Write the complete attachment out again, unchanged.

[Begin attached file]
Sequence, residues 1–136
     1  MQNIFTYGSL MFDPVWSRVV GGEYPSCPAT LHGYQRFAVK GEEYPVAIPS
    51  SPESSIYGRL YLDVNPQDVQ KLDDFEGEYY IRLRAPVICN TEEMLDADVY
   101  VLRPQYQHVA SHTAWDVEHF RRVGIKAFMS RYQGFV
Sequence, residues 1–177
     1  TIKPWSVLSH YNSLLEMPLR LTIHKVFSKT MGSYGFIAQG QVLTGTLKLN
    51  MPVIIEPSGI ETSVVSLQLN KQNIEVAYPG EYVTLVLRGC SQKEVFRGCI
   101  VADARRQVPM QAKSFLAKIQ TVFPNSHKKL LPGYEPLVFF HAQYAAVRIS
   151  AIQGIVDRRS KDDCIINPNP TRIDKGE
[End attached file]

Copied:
Sequence, residues 1–136
     1  MQNIFTYGSL MFDPVWSRVV GGEYPSCPAT LHGYQRFAVK GEEYPVAIPS
    51  SPESSIYGRL YLDVNPQDVQ KLDDFEGEYY IRLRAPVICN TEEMLDADVY
   101  VLRPQYQHVA SHTAWDVEHF RRVGIKAFMS RYQGFV
Sequence, residues 1–177
     1  TIKPWSVLSH YNSLLEMPLR LTIHKVFSKT MGSYGFIAQG QVLTGTLKLN
    51  MPVIIEPSGI ETSVVSLQLN KQNIEVAYPG EYVTLVLRGC SQKEVFRGCI
   101  VADARRQVPM QAKSFLAKIQ TVFPNSHKKL LPGYEPLVFF HAQYAAVRIS
   151  AIQGIVDRRS KDDCIINPNP TRIDKGE